I refer to domestic cats as I’m sure the question in the title is targeted at domestic and not wild cats. Although it’s a point worth making because domestication of the cat has led to an almost tripling of the number of litters and to an increase in litter size compared to their wild cat ancestor. European wild cats have a single litter each year with an average of 2 to 4 kittens per litter. Domestic cats produce an average of 4 to 5 kittens in each of their three annual litters.
Similar questions to the one in the title are:
- How fast do cats breed?
- How many cats can one cat produce in a year?
A website states that an average domestic cat has 1 to 8 kittens per litter and 2 to 3 litters per year. This particular website states that a single parent cat can create as many as 420,000 kittens in seven years.
Another calculation by Dr Desmond Morris1 states that if you start with a single breeding pair of domestic cats and assume that they create 14 kittens for each year that they have three litters, in five years there will be a total of 65,536 offspring. This is obviously considerably less than the calculation above but also a very high number.
However, these are simple calculations without taking into account practicalities and actualities. The figures do paint a nightmare scenario but it never comes to fruition for many good and obvious reasons. Firstly, there are enough responsible cat owners to make sure that there are constraints on domestic cats breeding. Also there is pressure and sometimes laws from local authorities to regulate domestic cat breeding through control of numbers. Australia, a country focused on reducing unwanted and feral cats, have the Cat Act 2011 which makes it obligatory to desex domestic cats that are six months of age.
Neutering and spaying of males and females is now very widespread and the default state of affairs in domestic cat households, in almost in every country. That said, in the US, there is an annoying small percentage of cat owners who do not spay their female cats early enough allowing them to have a litter of kittens. In Asia there is a greater acceptance of unregulated or unmanaged community cats. Feral cats are more prevalent in these areas.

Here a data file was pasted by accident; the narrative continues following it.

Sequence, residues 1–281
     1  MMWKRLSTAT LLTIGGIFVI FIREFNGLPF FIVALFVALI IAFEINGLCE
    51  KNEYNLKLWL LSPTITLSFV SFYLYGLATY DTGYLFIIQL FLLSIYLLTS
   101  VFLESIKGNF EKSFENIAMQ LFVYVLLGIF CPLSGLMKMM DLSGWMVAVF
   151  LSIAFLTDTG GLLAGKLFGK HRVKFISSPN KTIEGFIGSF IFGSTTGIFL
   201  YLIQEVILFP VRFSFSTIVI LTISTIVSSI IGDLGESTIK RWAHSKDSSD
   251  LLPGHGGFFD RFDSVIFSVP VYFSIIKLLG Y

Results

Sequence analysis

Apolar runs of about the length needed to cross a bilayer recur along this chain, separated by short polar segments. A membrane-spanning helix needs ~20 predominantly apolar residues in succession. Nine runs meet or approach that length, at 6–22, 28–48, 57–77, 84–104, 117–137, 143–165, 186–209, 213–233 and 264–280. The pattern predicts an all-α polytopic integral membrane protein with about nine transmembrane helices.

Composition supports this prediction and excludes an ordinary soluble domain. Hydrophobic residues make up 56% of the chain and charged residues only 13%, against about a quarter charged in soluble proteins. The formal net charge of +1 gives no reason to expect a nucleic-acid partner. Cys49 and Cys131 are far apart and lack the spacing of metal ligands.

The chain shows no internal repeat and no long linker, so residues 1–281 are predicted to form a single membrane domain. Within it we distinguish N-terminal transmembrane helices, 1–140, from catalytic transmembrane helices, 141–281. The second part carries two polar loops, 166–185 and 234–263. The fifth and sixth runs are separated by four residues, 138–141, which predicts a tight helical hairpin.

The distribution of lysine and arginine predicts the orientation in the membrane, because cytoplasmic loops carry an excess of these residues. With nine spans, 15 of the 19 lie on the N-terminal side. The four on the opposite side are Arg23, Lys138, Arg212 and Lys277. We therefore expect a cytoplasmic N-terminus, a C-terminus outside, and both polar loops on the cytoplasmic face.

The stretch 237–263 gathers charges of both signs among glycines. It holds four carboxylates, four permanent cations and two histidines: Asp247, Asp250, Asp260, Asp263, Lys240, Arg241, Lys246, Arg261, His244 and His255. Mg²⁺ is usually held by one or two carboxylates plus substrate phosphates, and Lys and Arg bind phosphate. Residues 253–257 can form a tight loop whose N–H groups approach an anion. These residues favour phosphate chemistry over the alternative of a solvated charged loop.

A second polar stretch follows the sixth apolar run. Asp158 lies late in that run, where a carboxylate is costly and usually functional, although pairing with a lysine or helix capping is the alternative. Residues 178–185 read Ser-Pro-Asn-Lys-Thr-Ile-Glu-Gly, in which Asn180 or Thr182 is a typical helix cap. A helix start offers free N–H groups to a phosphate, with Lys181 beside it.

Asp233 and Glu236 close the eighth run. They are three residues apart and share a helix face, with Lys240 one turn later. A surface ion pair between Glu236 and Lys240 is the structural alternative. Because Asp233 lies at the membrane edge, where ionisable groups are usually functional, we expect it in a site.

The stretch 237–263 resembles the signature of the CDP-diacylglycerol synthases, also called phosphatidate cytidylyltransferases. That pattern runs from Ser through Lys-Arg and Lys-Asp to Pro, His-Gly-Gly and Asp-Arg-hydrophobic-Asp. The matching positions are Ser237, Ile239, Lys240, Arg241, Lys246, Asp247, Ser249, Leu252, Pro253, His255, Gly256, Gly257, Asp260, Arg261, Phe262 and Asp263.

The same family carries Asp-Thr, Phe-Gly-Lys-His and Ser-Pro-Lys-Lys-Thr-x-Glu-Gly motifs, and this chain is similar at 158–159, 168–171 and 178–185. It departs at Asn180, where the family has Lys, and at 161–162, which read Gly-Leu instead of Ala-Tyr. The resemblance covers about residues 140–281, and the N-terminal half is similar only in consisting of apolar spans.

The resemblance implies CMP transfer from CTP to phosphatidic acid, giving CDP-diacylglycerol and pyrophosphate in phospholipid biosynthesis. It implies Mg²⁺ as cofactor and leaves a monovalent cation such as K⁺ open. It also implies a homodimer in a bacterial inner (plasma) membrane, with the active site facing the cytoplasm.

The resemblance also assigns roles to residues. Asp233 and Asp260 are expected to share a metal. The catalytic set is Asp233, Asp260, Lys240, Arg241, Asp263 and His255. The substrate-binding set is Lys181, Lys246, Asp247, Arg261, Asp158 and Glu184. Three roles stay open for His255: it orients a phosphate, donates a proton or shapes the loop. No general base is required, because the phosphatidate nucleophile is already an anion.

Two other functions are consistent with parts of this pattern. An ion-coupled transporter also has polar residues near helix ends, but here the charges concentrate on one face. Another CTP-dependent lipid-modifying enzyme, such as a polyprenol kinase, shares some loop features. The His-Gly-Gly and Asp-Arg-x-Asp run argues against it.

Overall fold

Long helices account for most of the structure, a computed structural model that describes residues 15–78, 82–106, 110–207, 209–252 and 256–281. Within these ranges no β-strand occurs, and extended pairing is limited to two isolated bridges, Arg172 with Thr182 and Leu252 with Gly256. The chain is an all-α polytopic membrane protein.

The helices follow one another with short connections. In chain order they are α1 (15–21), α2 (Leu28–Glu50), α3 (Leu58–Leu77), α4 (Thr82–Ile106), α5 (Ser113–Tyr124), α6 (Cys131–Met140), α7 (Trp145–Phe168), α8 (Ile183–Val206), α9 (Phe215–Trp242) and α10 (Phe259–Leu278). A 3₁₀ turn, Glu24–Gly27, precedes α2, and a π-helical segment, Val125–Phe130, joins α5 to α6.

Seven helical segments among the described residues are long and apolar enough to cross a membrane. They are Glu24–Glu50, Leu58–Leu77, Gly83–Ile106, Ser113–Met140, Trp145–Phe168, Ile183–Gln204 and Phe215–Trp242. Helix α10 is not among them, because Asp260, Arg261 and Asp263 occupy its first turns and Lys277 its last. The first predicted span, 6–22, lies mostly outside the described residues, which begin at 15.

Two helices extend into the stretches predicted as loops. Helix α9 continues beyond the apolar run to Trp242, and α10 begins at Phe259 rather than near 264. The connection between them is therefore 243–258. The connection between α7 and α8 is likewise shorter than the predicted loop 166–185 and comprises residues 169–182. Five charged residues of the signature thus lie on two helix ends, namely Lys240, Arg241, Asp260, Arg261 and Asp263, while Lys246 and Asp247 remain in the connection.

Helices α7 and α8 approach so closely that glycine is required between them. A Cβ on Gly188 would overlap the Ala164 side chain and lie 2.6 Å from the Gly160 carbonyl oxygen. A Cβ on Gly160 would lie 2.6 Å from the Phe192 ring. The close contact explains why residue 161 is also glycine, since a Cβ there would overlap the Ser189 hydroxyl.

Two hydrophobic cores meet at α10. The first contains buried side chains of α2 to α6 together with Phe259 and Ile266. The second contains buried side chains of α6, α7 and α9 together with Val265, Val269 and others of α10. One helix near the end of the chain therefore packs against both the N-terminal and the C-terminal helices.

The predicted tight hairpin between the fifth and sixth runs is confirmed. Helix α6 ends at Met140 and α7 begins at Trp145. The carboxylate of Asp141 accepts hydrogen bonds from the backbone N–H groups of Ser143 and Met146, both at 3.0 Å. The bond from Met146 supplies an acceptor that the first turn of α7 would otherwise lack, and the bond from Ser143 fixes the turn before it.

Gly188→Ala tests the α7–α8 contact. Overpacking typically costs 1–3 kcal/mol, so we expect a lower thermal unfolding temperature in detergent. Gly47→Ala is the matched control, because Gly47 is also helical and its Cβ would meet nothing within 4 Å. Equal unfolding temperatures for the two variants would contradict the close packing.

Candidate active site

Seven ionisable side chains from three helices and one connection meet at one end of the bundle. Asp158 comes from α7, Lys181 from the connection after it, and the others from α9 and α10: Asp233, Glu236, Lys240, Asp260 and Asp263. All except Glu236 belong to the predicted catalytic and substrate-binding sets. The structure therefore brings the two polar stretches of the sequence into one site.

However, in the domestic cat world reproduction is heavily controlled while in the feral cat world there is a huge attrition rate against newborns which significantly reduces numbers. In some places feral and stray cats are exterminated and there is a segment of society in the US who see extermination as the answer. In other countries there have been programs of applying oral contraceptives such as in Israel where they claim to have prevented about 20,000 kittens being born annually.
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Therefore, if you ask how many cats one cat can produce in a year or how many cats can one pair produce you are asking a theoretical question. It’s rather pointless to be honest. Let’s say that the domestic cat is a good breeder which is why spaying and neutering is heavily promoted by humane societies, veterinarians and all animal advocates. It is the only practical way going forward in our relationship with the domestic cat.
Despite that there are still far too many unwanted cats in America and in the UK with shelters sometimes struggling to re-home these animals. Although in many cases they are still euthanized. However, there has been a dramatic fall in the number of shelter cats euthanized thanks to a strong policy of no-kill over many years.
1. Cat Watching.